Swedish writer/illustrator Erik Svetoft’s Spa is a Kafkaesque adventure that plunges into a Lynchian nightmare. Set in a high-class, luxury spa somewhere in Northern Europe, its story isn’t so much a throughline as a strange series of vignettes. Sometimes they come back to each other but mostly stand alone, told in just a few pages. The art is sometimes beautiful, sometimes grotesque, and often both on the same page.
An example: The spa manager stops to look at a painting of a snow-peaked mountain. Then a small creature appears from behind the mountain. The comic zooms in as we watch the creature go skiing, cook hotdogs, meet up with some friends, and have adventures. Then the manager’s assistant disturbs him to which the manager angrily chastises her with “Can’t you see I’m busy?” There is no indication as to whether that little scene in the painting is a drug-induced hallucination, a product of a diseased mind, or actually real. Something similar happens later in the book but it is never explained.
Not a lot is explained. Especially not the black, viscous liquid that seems to be spreading throughout the spa. It seeps into everything and wreaks all sorts of havoc. But no one seems to notice, or at least not care all that much. It seeps into the company’s safe, destroying all the cash on hand. This causes the manager to be short on his payoff money to the local safety inspectors, but even then, there is no serious scramble to get it cleared up and removed. A new employee tries to clean it and gets a little on his uniform. For this, he is punished – forced to wear a pig nose and ridiculed by his fellow employees. There are two mouse-looking characters who claim they are maintenance, but they seem to do more damage than repairs.
At one point we see two people in bed, making love, in a window (or possibly a mirror it is very difficult to tell what is what in this book) as a pair of grotesque-looking monsters watch them. Then the scene switches and the monsters are having sex while the humans watch.
The black mold or whatever the hell it is, makes things even more grotesque and nightmarish. The art becomes darker. Both literally as blacks begin filling the panel, and figuratively as the characters become more monstrous and sickening. Some people look like reanimated corpses. A four-headed walrus-looking thing shows up at some point and is promptly killed with harpoons. A friendly worm creature burrows into the manager’s brain and takes him over.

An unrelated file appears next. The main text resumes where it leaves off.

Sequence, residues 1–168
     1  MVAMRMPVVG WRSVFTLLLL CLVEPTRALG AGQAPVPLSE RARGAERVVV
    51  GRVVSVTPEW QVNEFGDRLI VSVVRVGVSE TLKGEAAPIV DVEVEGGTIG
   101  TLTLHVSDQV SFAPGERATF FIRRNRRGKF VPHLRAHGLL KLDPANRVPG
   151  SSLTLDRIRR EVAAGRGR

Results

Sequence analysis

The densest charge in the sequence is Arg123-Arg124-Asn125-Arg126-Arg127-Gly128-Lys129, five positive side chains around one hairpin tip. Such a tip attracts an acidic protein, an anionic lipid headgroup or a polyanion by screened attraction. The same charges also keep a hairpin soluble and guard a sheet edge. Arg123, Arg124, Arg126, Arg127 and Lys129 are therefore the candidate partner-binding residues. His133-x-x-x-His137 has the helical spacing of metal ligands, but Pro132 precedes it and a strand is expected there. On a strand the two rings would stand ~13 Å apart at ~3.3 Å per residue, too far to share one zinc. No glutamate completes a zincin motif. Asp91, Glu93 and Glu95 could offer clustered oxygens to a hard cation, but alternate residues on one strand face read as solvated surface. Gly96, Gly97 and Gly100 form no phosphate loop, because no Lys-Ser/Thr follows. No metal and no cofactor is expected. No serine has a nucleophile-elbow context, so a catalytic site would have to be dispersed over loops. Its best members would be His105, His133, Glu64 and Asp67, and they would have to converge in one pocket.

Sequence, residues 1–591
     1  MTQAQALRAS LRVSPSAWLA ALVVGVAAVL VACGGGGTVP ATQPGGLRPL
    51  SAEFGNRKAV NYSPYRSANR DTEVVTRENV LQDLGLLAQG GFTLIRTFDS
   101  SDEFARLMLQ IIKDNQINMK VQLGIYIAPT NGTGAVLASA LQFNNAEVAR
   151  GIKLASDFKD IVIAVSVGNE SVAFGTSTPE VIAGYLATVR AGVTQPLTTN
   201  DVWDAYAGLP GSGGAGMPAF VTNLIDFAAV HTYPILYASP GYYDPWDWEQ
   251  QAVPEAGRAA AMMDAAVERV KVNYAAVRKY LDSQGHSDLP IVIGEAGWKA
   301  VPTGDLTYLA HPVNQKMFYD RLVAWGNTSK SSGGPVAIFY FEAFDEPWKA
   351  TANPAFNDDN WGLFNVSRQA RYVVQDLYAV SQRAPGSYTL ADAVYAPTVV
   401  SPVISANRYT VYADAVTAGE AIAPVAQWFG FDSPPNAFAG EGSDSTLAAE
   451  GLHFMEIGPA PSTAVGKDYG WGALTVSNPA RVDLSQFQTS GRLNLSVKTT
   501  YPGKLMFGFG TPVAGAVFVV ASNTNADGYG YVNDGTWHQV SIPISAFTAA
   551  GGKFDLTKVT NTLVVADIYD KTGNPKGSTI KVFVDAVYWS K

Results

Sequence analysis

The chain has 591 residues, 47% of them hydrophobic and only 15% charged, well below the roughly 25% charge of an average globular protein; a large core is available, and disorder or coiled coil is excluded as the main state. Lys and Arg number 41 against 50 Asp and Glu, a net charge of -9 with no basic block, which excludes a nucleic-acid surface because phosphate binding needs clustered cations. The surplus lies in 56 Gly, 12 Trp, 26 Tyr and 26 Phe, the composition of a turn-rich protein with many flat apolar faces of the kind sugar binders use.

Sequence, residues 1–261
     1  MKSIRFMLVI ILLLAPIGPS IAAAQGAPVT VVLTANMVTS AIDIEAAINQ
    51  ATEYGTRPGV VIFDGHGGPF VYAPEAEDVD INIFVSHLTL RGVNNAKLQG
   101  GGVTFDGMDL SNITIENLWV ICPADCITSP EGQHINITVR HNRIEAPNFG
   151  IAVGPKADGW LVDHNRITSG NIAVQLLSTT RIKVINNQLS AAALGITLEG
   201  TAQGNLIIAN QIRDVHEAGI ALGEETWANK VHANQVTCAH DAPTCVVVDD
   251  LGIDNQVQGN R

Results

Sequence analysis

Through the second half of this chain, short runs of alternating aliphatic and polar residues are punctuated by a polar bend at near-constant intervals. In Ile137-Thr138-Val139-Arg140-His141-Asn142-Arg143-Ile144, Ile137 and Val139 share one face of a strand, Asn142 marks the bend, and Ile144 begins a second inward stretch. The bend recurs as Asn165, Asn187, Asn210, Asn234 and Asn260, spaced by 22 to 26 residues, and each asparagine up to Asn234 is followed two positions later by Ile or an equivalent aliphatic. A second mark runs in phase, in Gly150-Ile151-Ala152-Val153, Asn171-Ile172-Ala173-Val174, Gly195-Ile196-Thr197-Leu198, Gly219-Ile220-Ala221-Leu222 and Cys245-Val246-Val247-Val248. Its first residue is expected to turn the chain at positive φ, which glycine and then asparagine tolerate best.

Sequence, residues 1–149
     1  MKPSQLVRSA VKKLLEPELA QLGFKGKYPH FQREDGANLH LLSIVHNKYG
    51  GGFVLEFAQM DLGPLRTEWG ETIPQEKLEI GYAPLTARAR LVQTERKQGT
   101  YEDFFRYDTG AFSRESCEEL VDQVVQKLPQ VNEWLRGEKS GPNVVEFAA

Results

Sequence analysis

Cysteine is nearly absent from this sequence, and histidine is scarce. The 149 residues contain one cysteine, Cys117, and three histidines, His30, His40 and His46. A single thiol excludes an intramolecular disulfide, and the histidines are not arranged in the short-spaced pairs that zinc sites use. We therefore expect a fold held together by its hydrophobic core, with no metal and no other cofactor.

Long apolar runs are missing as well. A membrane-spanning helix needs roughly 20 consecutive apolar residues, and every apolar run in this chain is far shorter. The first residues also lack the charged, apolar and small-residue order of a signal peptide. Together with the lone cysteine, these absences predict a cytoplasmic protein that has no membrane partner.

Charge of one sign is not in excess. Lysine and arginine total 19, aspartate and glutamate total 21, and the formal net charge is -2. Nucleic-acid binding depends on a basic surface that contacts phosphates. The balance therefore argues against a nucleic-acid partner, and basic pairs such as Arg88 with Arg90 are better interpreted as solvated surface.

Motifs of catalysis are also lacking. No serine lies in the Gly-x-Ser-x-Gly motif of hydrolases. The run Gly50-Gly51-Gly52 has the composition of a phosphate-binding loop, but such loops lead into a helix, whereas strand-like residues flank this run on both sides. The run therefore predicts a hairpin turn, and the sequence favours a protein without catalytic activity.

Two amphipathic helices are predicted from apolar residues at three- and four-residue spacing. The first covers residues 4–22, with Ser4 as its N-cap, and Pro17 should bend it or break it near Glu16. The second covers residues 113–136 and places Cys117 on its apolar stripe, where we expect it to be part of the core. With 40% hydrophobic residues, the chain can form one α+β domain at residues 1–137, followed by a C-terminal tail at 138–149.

Over and over again, these little stories, lasting no more than a couple of pages, get told. Sometimes they are funny. Sometimes they are horrific. Always they are interesting. I don’t know what any of it means.
It all feels vaguely satiric of the wellness industry in general and high-end spas in specific, but I’m not sure that aspect of it works particularly well. Outside of the spa’s tendency to care more about aesthetics than actual wellness and the need to periodically pay off government officials, I’m at a loss as to what any of this is actually saying. But maybe that aspect was lost in translation.
I do love the general vibe of the book. It is something that is best read in small chunks. Flip through a dozen or so pages at a time, and linger on the intricate, strangeness of the art. Or dig your way through the entire thing in one setting, let it fully absorb your senses, and get lost inside its grotesque world.
This is my first time reading a book from Fantagraphics and they’ve done a marvelous job with it. Spa comes in a nicely sized book with a solid, hardback cover. The pages are sturdy and thick and the art really pops. I’ll definitely be checking out more books from them.